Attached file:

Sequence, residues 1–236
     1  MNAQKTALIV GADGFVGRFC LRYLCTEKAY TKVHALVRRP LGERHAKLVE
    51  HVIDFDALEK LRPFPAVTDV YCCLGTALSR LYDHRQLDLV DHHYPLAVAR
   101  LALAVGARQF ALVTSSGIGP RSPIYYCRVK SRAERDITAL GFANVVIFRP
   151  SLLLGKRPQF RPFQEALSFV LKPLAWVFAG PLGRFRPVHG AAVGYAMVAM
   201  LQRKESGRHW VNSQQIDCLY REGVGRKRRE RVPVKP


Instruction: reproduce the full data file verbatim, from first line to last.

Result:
Sequence, residues 1–236
     1  MNAQKTALIV GADGFVGRFC LRYLCTEKAY TKVHALVRRP LGERHAKLVE
    51  HVIDFDALEK LRPFPAVTDV YCCLGTALSR LYDHRQLDLV DHHYPLAVAR
   101  LALAVGARQF ALVTSSGIGP RSPIYYCRVK SRAERDITAL GFANVVIFRP
   151  SLLLGKRPQF RPFQEALSFV LKPLAWVFAG PLGRFRPVHG AAVGYAMVAM
   201  LQRKESGRHW VNSQQIDCLY REGVGRKRRE RVPVKP